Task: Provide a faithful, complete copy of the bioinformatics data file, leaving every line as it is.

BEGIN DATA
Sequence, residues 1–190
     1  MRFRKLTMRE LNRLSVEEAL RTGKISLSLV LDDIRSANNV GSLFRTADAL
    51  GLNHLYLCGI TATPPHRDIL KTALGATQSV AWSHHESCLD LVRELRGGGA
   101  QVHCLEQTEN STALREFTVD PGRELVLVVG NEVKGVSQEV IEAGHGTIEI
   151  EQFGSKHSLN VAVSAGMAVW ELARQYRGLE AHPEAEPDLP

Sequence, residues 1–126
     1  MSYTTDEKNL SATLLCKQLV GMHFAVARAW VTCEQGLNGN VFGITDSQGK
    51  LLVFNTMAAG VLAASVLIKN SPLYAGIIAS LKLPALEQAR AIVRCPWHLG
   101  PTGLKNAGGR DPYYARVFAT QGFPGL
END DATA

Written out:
Sequence, residues 1–190
     1  MRFRKLTMRE LNRLSVEEAL RTGKISLSLV LDDIRSANNV GSLFRTADAL
    51  GLNHLYLCGI TATPPHRDIL KTALGATQSV AWSHHESCLD LVRELRGGGA
   101  QVHCLEQTEN STALREFTVD PGRELVLVVG NEVKGVSQEV IEAGHGTIEI
   151  EQFGSKHSLN VAVSAGMAVW ELARQYRGLE AHPEAEPDLP

Sequence, residues 1–126
     1  MSYTTDEKNL SATLLCKQLV GMHFAVARAW VTCEQGLNGN VFGITDSQGK
    51  LLVFNTMAAG VLAASVLIKN SPLYAGIIAS LKLPALEQAR AIVRCPWHLG
   101  PTGLKNAGGR DPYYARVFAT QGFPGL